Notes on Judges 6:25-32
by Jonathan Spurlock
(Holts Summit, MO)
Judges 6:25 And it came to pass the same night, that the LORD said unto him, Take thy father's young bullock, even the second bullock of seven years old, and throw down the altar of Baal that thy father hath, and cut down the grove that (is) by it:
This is the second and even more important test of obedience on Gideon’s part. The first test had just happened when the Angel burned up the food which Gideon had brought. Gideon had then built an altar to the LORD calling it “Jehovah shalom” or “The LORD is peace”. Now the LORD tells him to do something very daring at that time, namely, to destroy the altar of Baal which his father had. It is not stated that Gideon’s father had actually built the altar of/to Baal but only that it was on his land.
The next thing, part of the first test, is to cut down the “grove”. It is not certain what a “grove” is, in this context, but apparently it was made of wood, else, it couldn’t be cut down. It was not an altar but it was somehow connected with the altar and God told Gideon to get rid of it.
One irony is that the Israelites first chose a golden calf, or young bull, as their first idol once they left Egypt. Now God tells Gideon to take his own father’s young bullock to destroy a pagan altar!
26 And build an altar unto the LORD thy God upon the top of this rock, in the ordered place, and take the second bullock, and offer a burnt sacrifice with the wood of the grove which thou shalt cut down.
Gideon had only built one altar to the LORD, as mentioned in verse 24. Now God is telling him to build another altar to the LORD, then to offer a sacrifice using his father’s second bullock and the wood from the grove which Gideon had been commanded to cut down.
27 Then Gideon took ten men of his servants, and did as the LORD had said unto him: and (so) it was, because he feared his father's household, and the men of the city, that he could not do (it) by day, that he did (it) by night.
Gideon was later known as a man of faith but here he showed fear of his father’s household (his own family?) and the men of the city. He did tear down the altar but he did so by night, with the help of 10 servants. Praise God for those who remain faithful to Him even when so many rejected God.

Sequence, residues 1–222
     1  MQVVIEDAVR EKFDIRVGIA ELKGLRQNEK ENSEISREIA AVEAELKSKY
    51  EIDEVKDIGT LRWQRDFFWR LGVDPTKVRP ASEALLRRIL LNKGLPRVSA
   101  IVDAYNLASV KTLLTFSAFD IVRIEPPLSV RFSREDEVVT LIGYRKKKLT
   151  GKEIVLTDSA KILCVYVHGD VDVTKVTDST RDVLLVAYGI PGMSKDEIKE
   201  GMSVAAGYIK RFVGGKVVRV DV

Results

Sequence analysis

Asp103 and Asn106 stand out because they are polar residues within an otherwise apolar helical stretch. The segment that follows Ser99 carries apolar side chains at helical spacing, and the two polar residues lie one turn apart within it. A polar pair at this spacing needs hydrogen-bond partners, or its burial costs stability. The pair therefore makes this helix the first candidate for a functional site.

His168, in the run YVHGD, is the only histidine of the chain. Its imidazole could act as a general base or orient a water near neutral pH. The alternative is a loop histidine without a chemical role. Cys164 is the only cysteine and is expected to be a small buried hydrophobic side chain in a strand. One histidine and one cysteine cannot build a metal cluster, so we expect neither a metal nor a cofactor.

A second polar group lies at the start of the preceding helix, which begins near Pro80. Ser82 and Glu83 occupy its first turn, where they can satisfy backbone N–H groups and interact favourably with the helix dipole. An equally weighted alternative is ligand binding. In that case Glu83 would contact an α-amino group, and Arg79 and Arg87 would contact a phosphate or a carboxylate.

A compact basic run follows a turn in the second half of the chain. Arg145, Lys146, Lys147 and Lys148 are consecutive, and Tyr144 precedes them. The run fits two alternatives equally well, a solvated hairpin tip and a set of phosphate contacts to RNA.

28 And when the men of the city arose early in the morning, behold, the altar of Baal was cast down, and the grove was cut down that (was) by it, and the second bullock was offered upon the altar (that was) built.
This must have been a surprise to the men of Abiezer, seeing the altar destroyed, the “grove” cut down, and
a bullock offered on a different altar. Perhaps some of the ashes had remained on or near the altar. Gideon had been told to offer the bullock as a burnt sacrifice so this was most likely a burnt offering where the entire animal was consumed following the instructions in Leviticus 1.
Bullocks were among the animals God directed the Israelites to use for burnt offerings (Leviticus 1:5), offerings for unintentional sin (Lev. 4:3), sin offerings (Lev. 8:2), peace offerings (Lev. 9:4), and for the Day of Atonement (Lev. 16).29 And they said one to another, Who hath done this thing? And when they enquired and asked, they said, Gideon the son of Joash hath done this thing.
Sadly, it seems the men of the city were more concerned with whoever had destroyed the altar of Baal than returning to the worship of the LORD, the God of Israel. They found out Gideon had done this. When someone does God’s Will, it’s almost a given that that person will be identified and perhaps suffer persecution for doing so.30 Then the men of the city said unto Joash, Bring out thy son, that he may die: because he hath cast down the altar of Baal, and because he hath cut down the grove that (was) by it.
This is one of the saddest verses in the Bible. Israelites, who had rejected the God of Israel for Baal, were now demanding Gideon be put to death because he had torn down the altar to Baal. The reverse of this would have been in order, back when Baal worship had begun (see Deuteronomy 13).
Another thought is, why follow Baal if he could not protect his own altar?31 And Joash said unto all that stood against him, Will ye plead for Baal? will ye save him? he that will plead for him, let him be put to death whilst (it is yet) morning: if he (be) a god, let him plead for himself, because (one) hath cast down his altar.
Joash, Gideon’s father, now took a stand against the people who wanted to kill Gideon. At the very least, he did not rebuild the altar of Baal nor did he turn Gideon over to the people who wanted to kill him.
The question still unanswered is whether or not Joash renounced Baal worship. On the one hand, he did permit an altar to Baal be erected on his property, but on the other hand, there is no record he ever performed any worship to Baal. Additionally, he stood firm against anyone trying to punish or attack Gideon after he had torn down Baal’s altar.32 Therefore on that day he called him Jerubbaal, saying, Let Baal plead against him, because he hath thrown down his altar.
“He” may mean Joash, who gave the name (nickname?) “Jerubbaal” to Gideon. Again, Joash’s spiritual condition, whether he worshiped the God of Israel or Baal, is not clear here.
Scripture quotations taken from the King James Version of the Bible (KJV).